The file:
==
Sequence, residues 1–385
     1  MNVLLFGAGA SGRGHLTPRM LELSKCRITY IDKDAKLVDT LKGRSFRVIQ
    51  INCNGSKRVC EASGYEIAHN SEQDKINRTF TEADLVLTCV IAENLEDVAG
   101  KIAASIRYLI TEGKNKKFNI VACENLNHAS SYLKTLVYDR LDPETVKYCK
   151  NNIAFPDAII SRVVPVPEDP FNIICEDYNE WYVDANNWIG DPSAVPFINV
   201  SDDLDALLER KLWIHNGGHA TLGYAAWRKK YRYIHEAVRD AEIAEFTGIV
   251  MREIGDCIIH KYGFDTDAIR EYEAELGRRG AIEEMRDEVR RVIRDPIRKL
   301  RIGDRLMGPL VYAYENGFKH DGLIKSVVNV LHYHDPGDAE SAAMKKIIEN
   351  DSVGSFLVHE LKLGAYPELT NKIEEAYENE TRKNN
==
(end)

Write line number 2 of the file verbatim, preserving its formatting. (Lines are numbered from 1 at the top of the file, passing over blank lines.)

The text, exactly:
     1  MNVLLFGAGA SGRGHLTPRM LELSKCRITY IDKDAKLVDT LKGRSFRVIQ